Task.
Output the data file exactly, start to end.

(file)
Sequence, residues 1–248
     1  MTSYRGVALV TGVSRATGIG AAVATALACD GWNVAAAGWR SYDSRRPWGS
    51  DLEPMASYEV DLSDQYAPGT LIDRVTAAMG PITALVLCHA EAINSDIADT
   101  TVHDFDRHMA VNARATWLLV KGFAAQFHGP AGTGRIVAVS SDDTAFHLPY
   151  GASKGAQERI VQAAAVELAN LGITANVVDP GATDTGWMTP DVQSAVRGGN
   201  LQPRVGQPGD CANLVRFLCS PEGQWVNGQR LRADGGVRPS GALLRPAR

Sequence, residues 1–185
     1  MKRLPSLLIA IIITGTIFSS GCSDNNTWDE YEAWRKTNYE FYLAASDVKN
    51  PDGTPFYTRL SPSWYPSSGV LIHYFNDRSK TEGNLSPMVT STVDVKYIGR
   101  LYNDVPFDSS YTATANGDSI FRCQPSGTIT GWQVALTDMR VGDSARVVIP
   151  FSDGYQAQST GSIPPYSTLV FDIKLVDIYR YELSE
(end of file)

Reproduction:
Sequence, residues 1–248
     1  MTSYRGVALV TGVSRATGIG AAVATALACD GWNVAAAGWR SYDSRRPWGS
    51  DLEPMASYEV DLSDQYAPGT LIDRVTAAMG PITALVLCHA EAINSDIADT
   101  TVHDFDRHMA VNARATWLLV KGFAAQFHGP AGTGRIVAVS SDDTAFHLPY
   151  GASKGAQERI VQAAAVELAN LGITANVVDP GATDTGWMTP DVQSAVRGGN
   201  LQPRVGQPGD CANLVRFLCS PEGQWVNGQR LRADGGVRPS GALLRPAR

Sequence, residues 1–185
     1  MKRLPSLLIA IIITGTIFSS GCSDNNTWDE YEAWRKTNYE FYLAASDVKN
    51  PDGTPFYTRL SPSWYPSSGV LIHYFNDRSK TEGNLSPMVT STVDVKYIGR
   101  LYNDVPFDSS YTATANGDSI FRCQPSGTIT GWQVALTDMR VGDSARVVIP
   151  FSDGYQAQST GSIPPYSTLV FDIKLVDIYR YELSE